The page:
A half-century later, do the what, where and why really matter?

Here’s what I do know though— and what has always mattered: in the five years of my father’s odyssey, whether he sold ties in a territory created by Norm Diamond, “home study” from leads off matchbook covers or magazines for dear “Highlights For Children”— in an era pre-cell phones and internet and a time before no-cost long distance — my father ALWAYS found a way to connect. As much as I missed him I was never truly without him.

This is not euphoric recall. Prove it I can.

Reorganizing archives but weeks ago, I happened upon a compilation of letters sent me through his transient days. On motel letterheads from such iconic places as Piqua, Ohio and Inkster, Michigan, and on stationery that was merely the backside of sales report forms, he wrote his boys. (Ed. Note 2: Did I tell you that if the envelope said “Bruce and Hal” the inside address always read “Hal and Bruce?).

Sifting through his words, some as much as 52 years old, I felt warmth. Smiling…welling… melting, I shared them with Carrie.

I wanted to get on the phone and call my kids—the one that saves and the one that scoffs— and shout from the rooftop “SEE, THIS IS WHY I THROW NOTHING AWAY!!!”

Through lens of decades though I was seeing something new. With my life-stained perception I was realizing that while in the 60’s I held the letters in his absence to render him present,  in my 60’s I held his words in my hand— and his values — to keep his presence immortal.  Reading and re-reading his comments I came to see that indeed, it was what he wrote between the lines that has lived on…

How he’d ask about others, like Gil Arian, Saul Goldman, or “Sheila and her baby”?

Or inquire about Adam? Always about Adam.

(Ed. Note 3: No, not the Adam that Stacy stole away to Chicago, but the one pedigreed “Digest Adam Of South Euclid, the pup of our youth).

How constantly he praised us and encouraged us to be in contact with our grandmother, our Aunt Blanche… and to “remember your Aunt Helen’s birthday— she has no one else”….?

—Indeed, how his musing so often were soaked with his essence:

October 27, 1964:

“…I wanted to mention how pleased I felt to see you on the Bima last Friday night…I would like to have you carefully consider remaining in Hebrew School. Look at it this way: Perhaps you will not benefit from continuing but all you have to lose is two hours once a week from Alan Wieder, Bobby Snyder, etc…”

August 5, 1966

“…Philadelphia is mammoth. It makes Cleveland look like a country village. I have a conservative synagogue directly across the street and the “Corky & Lenny’s” of Philly two blocks away. They give about twice as much meat in a corned beef sandwich…”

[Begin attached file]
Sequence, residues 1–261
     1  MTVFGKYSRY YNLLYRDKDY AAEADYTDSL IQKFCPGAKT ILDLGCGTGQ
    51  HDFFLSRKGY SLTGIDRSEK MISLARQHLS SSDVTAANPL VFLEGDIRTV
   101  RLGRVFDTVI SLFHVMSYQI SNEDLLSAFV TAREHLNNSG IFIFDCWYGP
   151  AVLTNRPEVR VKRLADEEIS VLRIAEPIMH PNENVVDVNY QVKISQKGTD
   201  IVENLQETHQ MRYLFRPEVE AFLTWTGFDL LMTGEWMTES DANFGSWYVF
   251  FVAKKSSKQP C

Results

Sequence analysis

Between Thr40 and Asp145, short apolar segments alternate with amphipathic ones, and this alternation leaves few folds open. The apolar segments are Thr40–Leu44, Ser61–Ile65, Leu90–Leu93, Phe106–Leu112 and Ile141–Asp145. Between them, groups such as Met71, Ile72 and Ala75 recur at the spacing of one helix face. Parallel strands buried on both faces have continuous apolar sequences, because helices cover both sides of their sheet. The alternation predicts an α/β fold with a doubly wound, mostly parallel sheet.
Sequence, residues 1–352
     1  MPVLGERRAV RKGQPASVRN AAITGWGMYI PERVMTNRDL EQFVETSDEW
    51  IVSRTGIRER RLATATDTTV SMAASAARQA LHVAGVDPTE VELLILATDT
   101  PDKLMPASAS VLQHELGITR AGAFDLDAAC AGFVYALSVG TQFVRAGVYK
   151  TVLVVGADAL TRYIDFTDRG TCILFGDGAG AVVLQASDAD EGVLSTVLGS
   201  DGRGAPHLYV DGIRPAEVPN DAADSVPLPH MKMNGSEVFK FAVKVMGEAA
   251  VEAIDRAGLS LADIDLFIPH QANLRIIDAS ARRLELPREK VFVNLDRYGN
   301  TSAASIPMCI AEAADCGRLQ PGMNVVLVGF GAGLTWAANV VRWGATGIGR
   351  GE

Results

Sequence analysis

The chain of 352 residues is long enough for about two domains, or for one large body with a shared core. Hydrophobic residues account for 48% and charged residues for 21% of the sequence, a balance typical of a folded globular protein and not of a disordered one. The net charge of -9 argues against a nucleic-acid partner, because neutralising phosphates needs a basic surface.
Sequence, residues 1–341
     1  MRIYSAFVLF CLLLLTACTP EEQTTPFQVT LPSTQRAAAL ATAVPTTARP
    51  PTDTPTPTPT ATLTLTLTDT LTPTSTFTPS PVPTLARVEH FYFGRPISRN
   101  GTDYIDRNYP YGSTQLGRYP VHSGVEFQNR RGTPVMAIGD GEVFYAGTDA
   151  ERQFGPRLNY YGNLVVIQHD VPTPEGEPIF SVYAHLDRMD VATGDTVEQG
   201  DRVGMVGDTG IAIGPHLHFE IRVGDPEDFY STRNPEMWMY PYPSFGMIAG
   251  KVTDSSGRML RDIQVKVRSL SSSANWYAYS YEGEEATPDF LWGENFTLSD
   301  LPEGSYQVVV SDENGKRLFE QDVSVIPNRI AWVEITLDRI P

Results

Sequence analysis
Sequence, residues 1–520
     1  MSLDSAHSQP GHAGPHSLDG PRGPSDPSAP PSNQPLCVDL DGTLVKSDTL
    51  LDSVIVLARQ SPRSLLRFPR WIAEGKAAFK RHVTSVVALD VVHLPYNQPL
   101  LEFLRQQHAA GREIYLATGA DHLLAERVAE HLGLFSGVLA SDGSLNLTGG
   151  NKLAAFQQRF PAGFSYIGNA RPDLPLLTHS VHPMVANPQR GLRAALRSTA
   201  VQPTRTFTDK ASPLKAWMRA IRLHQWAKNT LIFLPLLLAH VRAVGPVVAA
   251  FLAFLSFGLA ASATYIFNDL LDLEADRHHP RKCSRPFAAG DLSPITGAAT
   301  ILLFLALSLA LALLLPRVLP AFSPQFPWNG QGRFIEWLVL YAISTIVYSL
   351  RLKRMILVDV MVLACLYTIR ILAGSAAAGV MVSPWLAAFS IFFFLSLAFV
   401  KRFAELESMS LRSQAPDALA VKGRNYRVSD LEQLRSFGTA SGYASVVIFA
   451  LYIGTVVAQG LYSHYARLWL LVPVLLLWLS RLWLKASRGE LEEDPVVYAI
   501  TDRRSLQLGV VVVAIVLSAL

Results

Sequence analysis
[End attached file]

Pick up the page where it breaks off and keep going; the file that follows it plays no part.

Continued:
September 12, 1966:

“…Glanced at the Rolling Stones on TV on Ed Sullivan Show, got sick…Recovered with Red Skelton on same show…”

May 5, 1967:

“…Bruce you force your mother to be harsh on you. You were 100% wrong. I would be remiss in my duties if I did not mention this episode. OK, consider it buried but really? All this for an Indians game?”

March 14,1968:

“We’ve been cheated out of time together but this too will pass”.

I went to Michigan State out of high school the fall of ’67 in large part because my father was teaching an hour from East Lansing. (My mother’s Aunt Ruth would jeer that I’d followed him).  I transferred to OSU for my second quarter. When, within a year my Dad found work in Columbus, (as the that same aunt railed “He followed you.”).

By junior year my 45 year old father had met his “Carrie”. He knew right away (he said then), and once we had that Sunday afternoon on East 4th when Marilyn made latkehs and we all met Harriet, the man was off and running.

—But never without us.—

So today is Father’s Day… and with timing that can only be termed “divine”, Harriet, alas, is in the process of moving.

“I have these things of your fathers,” she phoned. “More stuff for your closet”.
“We’ll call as we leave the cemetery”.
“Bring boxes,” she cautioned.

Yes, today is Father’s Day.

(Like every single day of my life).

            “There will never ever be another one like him….”

Mel Brooks (“The Producers”)


Monday, June 15th, 2015


“I didn’t attend the funeral, but I sent a nice letter saying I approved of it.”                 Mark Twain                                                                                                                                                                                                                                    

He died this week and guess what? My son was right. It wasn’t “bad news” at all — just “news”. Indeed, if death is a part of life, let the record be clear: this man was no part of ours. (At least not once he slinked out the back door by way of the bank and County Recorder’s office).  Ah, but that was years ago. We’ve moved on and now, apparently, so has he.

There is an old Latin phrase “De mortuis nihil nisi bonum”, which translates to “Of the death, nothing unless good”.

Should I not then speak? Is silence more appropriate?

I really don’t want to err. Is there a proper barometer?